Saturday, August 27, 2011

Mike Flanagan's Suicide: a Significant Asterisk to an Otherwise Fine Man's Life

--Richard E. Vatz

Please do not read this article if you are searching for undiluted praise of Mike Flanagan, the great former Baltimore Orioles pitcher who committed suicide. This short essay will avoid cuteness and rhetorical flourishes and make but one clear argument:

A healthy, relatively young person who kills himself or herself has committed an unethical act, truly unforgivable.

This writer has experienced a suicide in his extended family perpetrated by a bright young person. His parents, brother and other loved ones never stopped blaming themselves and never stopped suffering from the act. From that moment on, that was their definition: the family whose child killed himself.

Everyone wants to honor Mr. Flanagan, whose greatness as a ballplayer and whose personality brought great joy and warmth to everyone near him as well as to those who knew him only as a great celebrity. This writer himself gained much through those identifications and memories.

No more.

Life is extremely difficult for just about everyone and particularly at times when things seem to all go negative. Those days and even years are also terribly tough for those who care about us.

To end that life ends the problems for one who commits suicide but exacerbates them substantially for those who survive the decedent. This horror for the survivors is not significantly mitigated by an explanation left for the world to read or hear, but in this case even that gesture was apparently rejected.

Mike Flanagan: incredible competitor who pitched through pain and won 141 games and was a Cy Young Award winner.

Mike Flanagan: not much of a competitor when dealing with humbling problems that he could make worse for the people who loved him.

Suicide is all about human agency -- the conscious choice to end one's life.

The real victims of suicide are the families, loved ones and friends of the one who takes his or her own life. With public figures, the victimage numbers increase exponentially.


Prof. Vatz teaches at Towson University and is author of the just released The Only Authentic Book of Persuasion (Kendall Hunt, 2012)

3 comments:

flashtrum said...

Mr. Vatz -

Please explain your qualifications in declaring Mr. Flanagan a healthy individual. Can you prove he wasn't depressed or otherwise mentally ill, yet somehow was able to dupe enough people so he could continue to work and lead some sort of life?
For the record, I had a close relative take their life as well. My family all went through periods of anger and guilt. However, we did come to the conclusion that our grandfather was seriously depressed and under the influence when he made his decision. Was this a conscious, clear choice made by an individual with the mental capacity to understand the ramifications of his actions?
Depression is not something you simply "snap out of". It is a serious disease. To suggest that Mr. Flanagan and others like him take the easy way out have never experienced the depths of internal pain and anguish that depression brings. You say he made a conscious choice. I say in his condition his judgement was clouded at best.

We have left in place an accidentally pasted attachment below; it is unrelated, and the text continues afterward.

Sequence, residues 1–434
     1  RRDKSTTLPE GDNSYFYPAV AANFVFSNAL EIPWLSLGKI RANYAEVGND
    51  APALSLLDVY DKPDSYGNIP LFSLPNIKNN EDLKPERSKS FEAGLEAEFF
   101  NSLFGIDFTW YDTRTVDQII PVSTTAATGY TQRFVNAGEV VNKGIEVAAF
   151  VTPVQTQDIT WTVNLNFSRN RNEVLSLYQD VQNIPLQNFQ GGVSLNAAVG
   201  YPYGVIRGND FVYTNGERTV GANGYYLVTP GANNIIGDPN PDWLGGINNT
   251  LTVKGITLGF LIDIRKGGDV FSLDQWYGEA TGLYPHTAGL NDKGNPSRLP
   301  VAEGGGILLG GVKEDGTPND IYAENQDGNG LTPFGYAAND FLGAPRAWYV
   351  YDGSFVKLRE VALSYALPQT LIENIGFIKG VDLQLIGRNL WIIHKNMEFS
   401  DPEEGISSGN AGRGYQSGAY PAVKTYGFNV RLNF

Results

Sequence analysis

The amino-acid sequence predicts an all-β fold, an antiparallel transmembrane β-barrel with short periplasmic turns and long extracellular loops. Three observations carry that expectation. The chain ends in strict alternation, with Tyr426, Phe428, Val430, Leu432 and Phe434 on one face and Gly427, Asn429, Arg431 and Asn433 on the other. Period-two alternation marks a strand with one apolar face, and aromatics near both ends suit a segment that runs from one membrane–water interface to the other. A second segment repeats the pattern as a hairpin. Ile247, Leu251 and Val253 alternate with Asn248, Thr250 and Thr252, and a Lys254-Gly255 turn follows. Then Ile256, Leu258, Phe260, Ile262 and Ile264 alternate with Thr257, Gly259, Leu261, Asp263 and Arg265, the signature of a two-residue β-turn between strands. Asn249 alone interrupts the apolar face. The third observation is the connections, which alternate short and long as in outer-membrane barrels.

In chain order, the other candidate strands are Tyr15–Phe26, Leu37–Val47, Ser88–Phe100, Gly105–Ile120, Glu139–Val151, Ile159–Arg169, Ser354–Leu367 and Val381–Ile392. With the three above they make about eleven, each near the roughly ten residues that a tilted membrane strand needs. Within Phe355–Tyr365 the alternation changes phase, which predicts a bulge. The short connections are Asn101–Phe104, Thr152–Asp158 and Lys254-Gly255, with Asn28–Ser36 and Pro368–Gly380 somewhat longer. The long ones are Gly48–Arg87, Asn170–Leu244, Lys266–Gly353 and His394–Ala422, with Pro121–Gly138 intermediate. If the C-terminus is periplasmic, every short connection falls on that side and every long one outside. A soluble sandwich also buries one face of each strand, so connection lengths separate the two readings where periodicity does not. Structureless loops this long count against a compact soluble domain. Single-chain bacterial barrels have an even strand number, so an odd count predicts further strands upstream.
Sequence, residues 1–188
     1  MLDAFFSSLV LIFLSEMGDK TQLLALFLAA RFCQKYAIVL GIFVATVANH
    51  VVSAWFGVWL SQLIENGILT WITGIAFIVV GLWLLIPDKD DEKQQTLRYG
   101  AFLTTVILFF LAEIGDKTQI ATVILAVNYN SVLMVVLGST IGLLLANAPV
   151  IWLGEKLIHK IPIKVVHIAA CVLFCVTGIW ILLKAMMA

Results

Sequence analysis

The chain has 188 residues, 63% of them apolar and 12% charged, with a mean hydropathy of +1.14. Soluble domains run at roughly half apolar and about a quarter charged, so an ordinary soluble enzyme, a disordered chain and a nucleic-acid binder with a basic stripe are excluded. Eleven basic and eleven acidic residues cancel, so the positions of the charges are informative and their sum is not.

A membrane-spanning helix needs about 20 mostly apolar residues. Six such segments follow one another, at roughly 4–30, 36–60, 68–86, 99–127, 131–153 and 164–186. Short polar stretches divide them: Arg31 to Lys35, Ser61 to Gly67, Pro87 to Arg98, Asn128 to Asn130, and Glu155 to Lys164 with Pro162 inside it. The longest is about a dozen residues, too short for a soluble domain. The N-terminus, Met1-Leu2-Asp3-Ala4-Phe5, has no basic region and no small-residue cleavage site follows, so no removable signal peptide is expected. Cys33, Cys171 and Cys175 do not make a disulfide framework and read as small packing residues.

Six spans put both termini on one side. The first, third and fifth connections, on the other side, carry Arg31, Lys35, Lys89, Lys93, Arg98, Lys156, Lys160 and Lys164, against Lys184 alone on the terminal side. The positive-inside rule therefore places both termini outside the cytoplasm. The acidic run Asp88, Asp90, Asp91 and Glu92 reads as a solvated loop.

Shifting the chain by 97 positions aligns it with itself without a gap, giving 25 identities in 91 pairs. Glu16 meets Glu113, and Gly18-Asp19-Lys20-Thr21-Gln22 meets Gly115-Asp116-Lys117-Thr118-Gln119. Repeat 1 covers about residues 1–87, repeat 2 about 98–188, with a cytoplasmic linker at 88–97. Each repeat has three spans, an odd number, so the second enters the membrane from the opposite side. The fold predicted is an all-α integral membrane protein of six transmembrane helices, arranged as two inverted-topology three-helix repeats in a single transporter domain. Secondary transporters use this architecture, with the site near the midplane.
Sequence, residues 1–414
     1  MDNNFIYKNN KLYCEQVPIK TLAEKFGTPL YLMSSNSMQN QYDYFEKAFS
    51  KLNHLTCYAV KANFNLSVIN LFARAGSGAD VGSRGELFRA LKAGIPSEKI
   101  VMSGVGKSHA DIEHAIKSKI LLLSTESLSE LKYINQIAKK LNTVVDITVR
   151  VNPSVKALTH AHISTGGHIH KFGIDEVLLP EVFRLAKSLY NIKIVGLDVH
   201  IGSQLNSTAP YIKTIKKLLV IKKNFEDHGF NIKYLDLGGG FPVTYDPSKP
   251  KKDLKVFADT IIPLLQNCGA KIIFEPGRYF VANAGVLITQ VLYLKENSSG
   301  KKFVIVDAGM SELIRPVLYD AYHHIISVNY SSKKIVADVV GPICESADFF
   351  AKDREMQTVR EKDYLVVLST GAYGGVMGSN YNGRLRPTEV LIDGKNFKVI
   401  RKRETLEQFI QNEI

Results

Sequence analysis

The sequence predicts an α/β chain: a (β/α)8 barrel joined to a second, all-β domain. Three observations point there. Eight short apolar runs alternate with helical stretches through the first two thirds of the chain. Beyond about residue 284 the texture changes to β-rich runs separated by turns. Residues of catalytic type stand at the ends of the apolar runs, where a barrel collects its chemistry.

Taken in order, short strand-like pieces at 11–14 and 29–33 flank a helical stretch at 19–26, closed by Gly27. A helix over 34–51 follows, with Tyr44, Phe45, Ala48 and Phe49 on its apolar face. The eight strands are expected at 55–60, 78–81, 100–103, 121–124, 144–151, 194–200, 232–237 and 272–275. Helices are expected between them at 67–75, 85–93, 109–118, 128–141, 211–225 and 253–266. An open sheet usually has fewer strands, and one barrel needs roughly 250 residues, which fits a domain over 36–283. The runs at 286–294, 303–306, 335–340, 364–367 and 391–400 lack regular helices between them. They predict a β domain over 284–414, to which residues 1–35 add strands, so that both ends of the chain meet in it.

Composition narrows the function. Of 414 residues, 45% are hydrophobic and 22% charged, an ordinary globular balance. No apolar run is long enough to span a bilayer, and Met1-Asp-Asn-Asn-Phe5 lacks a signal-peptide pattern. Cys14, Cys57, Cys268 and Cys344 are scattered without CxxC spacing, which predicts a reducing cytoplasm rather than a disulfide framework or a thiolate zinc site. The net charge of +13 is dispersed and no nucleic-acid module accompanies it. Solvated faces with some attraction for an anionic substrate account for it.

JohnB said...

I have had friends who have committed suicide and have to agree with Mr.Vatz. I have always felt that they committed a trully selfish act with no regard to the ones they left behind. I never attended their funerals nor have I ever visited their graves. They took the easy way out and for that I will never forgive them.

Paula said...

Professor Vatz,
Depression, ineffective coping skills, lack of or intense other-oriented awareness--these three factors generally serve to explain why an individual would take one's own life. Depression can distort one's thinking process. How? A depressed person oftentimes fails to see the healthy options that are available to help themselves, or they are so anxiety-ridden that they just cannot make the choices that would help them, leaving them feeling trapped--with that feeling of no-way-out of the depression. So oftentimes, depressed people lack effective coping skills or are immobilized by anxiety to act when life gets "rough and tough". They are like a mechanically broken auto that just cannot move.
Additionally, oftentimes when one is in a state of deep depression, a person generally is not other-oriented; they are so burdened with coping on a daily basis to get through their life; it becomes fulltime work for them, and it's painfully difficult and energy draining; whereby, their fulltime, daily, personal coping leaves little room for conscious consideration and empathy for others.
And yet, some depressed people do see the painful effects that their presence/existence has on their family, and that fact can be even more debilitating to them. So such a deeply depressed person will weigh that point in terms of a question: How would my family fair if I wasn't here, compared to being here in their life in such a depressed and burdensome state? Perhaps Mr. Flanagan had struggled with that Q and decided that his family would be better off without his presence, thinking that they would get over the tragedy with time. Perhaps it was not a decision that he made for himself, but rather a decision he made for his family. P. Tilley

ShareThis